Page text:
HTC and Sony both know how to make flagship devices with great looks and premium feel. The two companies took different approaches to the design, but the final result was great in both cases.
HTC has stuck to its guns, building a gapless unibody smartphone that is entirely made out of high-grade aluminum and feels impressively solid in the hand. The only part of the One that comes off is the SIM tray but even that requires a tool to operate.
Sony has put their best design ideas behind the Xperia Z and labeled it as precision engineered. The front and back panels of the smartphone are made out of tempered scratch-resistant glass that look stunning, even if they are not quite as solid when held in hand. The company also paid proper attention to details like the signature power button, which is specifically engineered for comfortable operation. The Xperia Z isn't a unibody construction but doesn't have a removable back cover, so accessing the battery is, again, a no-go.
That said, the Sony Xperia Z design still holds a few important advantages over the HTC One unibody. The IP57 certification for water and dust resistance is the most prominent among those, but you shouldn't also forget the microSD card slot that allows for cheap and quick memory expansion. There's also the microSIM slot which can be operated without a sharp tool at hand, which might come in handy if you need to swap SIM cards on the go.
The HTC One has gone with a slightly smaller 4.7" screen, allowing it to retain a slightly slimmer footpint despite the dual-frontal speakers, each with its own Beats amplifier. The marketing term here is BoomSound and the benefits are easy to hear. The HTC One offers clearer and deeper sound than any device we've ever heard in the office and the placement of the speakers means watching videos or playing games will be a more immersive experience.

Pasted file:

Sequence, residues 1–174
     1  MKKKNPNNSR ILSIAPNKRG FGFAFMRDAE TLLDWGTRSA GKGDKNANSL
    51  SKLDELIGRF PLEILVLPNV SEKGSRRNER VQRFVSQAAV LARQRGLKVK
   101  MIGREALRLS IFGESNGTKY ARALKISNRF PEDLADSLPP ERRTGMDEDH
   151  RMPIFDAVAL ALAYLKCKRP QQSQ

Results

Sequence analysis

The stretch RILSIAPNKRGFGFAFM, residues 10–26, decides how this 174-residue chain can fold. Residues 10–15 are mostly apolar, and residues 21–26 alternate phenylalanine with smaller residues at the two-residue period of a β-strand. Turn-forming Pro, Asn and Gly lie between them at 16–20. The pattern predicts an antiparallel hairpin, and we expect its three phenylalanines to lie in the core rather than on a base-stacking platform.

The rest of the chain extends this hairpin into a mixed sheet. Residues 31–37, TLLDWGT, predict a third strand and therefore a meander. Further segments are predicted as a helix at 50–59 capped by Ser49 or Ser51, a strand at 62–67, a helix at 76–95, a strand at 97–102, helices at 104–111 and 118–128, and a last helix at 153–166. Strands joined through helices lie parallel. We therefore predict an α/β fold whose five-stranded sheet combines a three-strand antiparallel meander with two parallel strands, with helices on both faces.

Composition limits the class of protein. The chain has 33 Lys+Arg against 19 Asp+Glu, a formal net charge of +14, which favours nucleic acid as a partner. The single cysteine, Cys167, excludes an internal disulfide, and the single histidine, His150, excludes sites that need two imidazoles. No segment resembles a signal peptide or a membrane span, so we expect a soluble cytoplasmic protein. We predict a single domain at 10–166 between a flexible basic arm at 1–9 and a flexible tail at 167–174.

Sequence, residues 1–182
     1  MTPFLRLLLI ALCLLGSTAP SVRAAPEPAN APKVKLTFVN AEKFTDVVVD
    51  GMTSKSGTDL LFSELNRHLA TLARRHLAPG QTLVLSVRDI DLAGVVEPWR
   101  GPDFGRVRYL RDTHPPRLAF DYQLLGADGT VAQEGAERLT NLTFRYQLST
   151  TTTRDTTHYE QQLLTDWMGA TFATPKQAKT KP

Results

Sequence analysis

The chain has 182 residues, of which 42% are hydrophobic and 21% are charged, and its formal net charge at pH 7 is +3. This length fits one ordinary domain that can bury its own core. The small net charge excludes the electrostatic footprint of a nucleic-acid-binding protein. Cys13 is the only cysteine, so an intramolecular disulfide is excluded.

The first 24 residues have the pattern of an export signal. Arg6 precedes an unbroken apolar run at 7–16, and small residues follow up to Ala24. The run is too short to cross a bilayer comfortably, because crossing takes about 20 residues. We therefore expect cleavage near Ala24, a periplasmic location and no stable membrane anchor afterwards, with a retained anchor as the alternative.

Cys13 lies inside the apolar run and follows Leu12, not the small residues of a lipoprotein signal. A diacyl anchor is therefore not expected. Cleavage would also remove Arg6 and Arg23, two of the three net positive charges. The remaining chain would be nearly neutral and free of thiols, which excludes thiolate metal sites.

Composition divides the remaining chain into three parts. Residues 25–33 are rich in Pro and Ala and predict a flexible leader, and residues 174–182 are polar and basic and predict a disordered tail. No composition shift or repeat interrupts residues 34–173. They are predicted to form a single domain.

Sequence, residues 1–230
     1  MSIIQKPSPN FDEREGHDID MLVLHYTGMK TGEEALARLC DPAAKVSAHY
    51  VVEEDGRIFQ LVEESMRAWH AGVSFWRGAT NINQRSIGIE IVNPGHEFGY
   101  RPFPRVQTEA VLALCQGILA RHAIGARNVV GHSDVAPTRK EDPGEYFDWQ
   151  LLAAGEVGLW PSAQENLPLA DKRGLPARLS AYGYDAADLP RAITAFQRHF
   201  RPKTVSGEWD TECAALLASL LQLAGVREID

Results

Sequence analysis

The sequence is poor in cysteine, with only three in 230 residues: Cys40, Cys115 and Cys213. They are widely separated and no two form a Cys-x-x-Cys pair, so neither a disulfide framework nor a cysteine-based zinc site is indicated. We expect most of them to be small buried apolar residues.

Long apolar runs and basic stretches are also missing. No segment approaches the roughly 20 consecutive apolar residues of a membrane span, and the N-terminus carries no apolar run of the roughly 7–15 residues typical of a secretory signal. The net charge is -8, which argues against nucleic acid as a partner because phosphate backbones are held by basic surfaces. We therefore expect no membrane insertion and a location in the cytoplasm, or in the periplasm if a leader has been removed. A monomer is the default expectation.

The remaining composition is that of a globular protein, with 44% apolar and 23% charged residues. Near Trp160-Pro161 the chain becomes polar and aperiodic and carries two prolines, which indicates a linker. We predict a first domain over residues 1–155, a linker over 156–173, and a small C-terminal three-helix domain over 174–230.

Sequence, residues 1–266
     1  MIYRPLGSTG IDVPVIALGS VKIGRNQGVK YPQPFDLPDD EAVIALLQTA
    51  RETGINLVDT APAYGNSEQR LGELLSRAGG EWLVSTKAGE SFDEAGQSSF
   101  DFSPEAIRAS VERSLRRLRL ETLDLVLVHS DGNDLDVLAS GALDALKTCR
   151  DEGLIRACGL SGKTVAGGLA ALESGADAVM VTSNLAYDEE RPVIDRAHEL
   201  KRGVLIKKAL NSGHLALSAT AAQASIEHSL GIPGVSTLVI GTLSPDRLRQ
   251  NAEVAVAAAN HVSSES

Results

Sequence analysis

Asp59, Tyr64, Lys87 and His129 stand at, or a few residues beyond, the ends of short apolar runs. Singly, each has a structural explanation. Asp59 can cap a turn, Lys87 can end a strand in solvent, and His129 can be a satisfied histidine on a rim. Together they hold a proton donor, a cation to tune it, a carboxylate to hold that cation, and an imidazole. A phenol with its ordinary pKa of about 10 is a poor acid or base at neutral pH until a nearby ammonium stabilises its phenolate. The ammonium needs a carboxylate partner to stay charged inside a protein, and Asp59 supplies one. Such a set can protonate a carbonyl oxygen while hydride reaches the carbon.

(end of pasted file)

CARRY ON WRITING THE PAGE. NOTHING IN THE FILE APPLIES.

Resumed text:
The Sony Xperia Z strikes back with a super slim 7.9mm waistline, which means it have a smaller overall volume despite its larger 5" screen. Of course, you should keep in mind that the Xperia Z's screen features on-screen buttons that take away from the real estate, but the software hides them in the gallery and video player, and while playing games so you get the extra space back where it counts.
The HTC One isn't in the running for thinnest device but manages an acceptable 9.3 mm waistline. Its hardware controls do cause some usability issues though. The power button (which doubles as an IR emitter for controlling various appliances around your home) is located on top and is a rather hard to reach. The key itself is sitting pretty low and its press feedback is poor - traits shared with the volume rocker on the right side of the HTC One.
The sides of the smartphone have nice colored accents and feel almost unanimous to the finger until you open the flaps over the SIM, microUSB or microSD card slots, which are all covered with plastic flaps in order to fend of water and dusts.
The volume rocker consists of a thin and long button, while the power button is raised and falls comfortably under your thumb. Both buttons feel responsive and refined with good elevation and are fine-tuned to give out the right feedback.
Due to its sharp edges the Xperia Z feels very broad and is a bit unwieldy for those with small hands.
On the back of both devices you'll find the camera lenses complete with single LED flashes and secondary, noise-suppressing microphones. The HTC One has an arching design, which starts off slim at the extremes and grows thicker towards the center of the back. The Xperia Z relies on the same philosophy as on the front - flat minimal surface.
Winner: Sony Xperia Z. While we prefer the looks and the feel of the HTC One, the practical advantages of the Sony Xperia Z earn it the victory here. The IP57 certification, the microSD card slot, the easily swappable SIM slot and the more comfortable buttons outweigh the benefits of the aluminum unibody.